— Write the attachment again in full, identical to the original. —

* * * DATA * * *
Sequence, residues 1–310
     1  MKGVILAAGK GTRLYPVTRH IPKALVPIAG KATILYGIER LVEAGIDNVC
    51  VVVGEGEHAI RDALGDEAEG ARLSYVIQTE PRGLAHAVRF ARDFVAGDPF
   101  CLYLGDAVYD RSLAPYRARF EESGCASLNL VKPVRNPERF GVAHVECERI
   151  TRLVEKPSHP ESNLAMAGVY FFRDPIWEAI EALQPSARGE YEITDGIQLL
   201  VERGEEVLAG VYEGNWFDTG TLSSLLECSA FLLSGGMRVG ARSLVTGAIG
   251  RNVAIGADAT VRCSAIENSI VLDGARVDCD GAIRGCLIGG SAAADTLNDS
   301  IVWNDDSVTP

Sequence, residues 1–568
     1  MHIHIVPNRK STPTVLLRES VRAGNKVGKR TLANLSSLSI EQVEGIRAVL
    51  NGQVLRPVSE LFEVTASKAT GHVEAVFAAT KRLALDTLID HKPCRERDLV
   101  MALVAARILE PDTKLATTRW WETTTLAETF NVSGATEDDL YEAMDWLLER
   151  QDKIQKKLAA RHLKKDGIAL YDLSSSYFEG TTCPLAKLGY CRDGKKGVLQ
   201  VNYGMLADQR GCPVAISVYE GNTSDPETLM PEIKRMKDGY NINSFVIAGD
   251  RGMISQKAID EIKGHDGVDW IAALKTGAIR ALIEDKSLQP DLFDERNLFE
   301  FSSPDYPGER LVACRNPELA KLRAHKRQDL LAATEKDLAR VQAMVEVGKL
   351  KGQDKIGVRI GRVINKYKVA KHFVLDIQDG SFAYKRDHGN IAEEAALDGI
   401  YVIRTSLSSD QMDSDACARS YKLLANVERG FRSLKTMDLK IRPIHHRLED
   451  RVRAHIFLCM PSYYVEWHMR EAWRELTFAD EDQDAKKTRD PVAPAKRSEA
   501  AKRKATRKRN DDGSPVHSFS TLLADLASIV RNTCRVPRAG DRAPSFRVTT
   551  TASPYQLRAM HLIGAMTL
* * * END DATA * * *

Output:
Sequence, residues 1–310
     1  MKGVILAAGK GTRLYPVTRH IPKALVPIAG KATILYGIER LVEAGIDNVC
    51  VVVGEGEHAI RDALGDEAEG ARLSYVIQTE PRGLAHAVRF ARDFVAGDPF
   101  CLYLGDAVYD RSLAPYRARF EESGCASLNL VKPVRNPERF GVAHVECERI
   151  TRLVEKPSHP ESNLAMAGVY FFRDPIWEAI EALQPSARGE YEITDGIQLL
   201  VERGEEVLAG VYEGNWFDTG TLSSLLECSA FLLSGGMRVG ARSLVTGAIG
   251  RNVAIGADAT VRCSAIENSI VLDGARVDCD GAIRGCLIGG SAAADTLNDS
   301  IVWNDDSVTP

Sequence, residues 1–568
     1  MHIHIVPNRK STPTVLLRES VRAGNKVGKR TLANLSSLSI EQVEGIRAVL
    51  NGQVLRPVSE LFEVTASKAT GHVEAVFAAT KRLALDTLID HKPCRERDLV
   101  MALVAARILE PDTKLATTRW WETTTLAETF NVSGATEDDL YEAMDWLLER
   151  QDKIQKKLAA RHLKKDGIAL YDLSSSYFEG TTCPLAKLGY CRDGKKGVLQ
   201  VNYGMLADQR GCPVAISVYE GNTSDPETLM PEIKRMKDGY NINSFVIAGD
   251  RGMISQKAID EIKGHDGVDW IAALKTGAIR ALIEDKSLQP DLFDERNLFE
   301  FSSPDYPGER LVACRNPELA KLRAHKRQDL LAATEKDLAR VQAMVEVGKL
   351  KGQDKIGVRI GRVINKYKVA KHFVLDIQDG SFAYKRDHGN IAEEAALDGI
   401  YVIRTSLSSD QMDSDACARS YKLLANVERG FRSLKTMDLK IRPIHHRLED
   451  RVRAHIFLCM PSYYVEWHMR EAWRELTFAD EDQDAKKTRD PVAPAKRSEA
   501  AKRKATRKRN DDGSPVHSFS TLLADLASIV RNTCRVPRAG DRAPSFRVTT
   551  TASPYQLRAM HLIGAMTL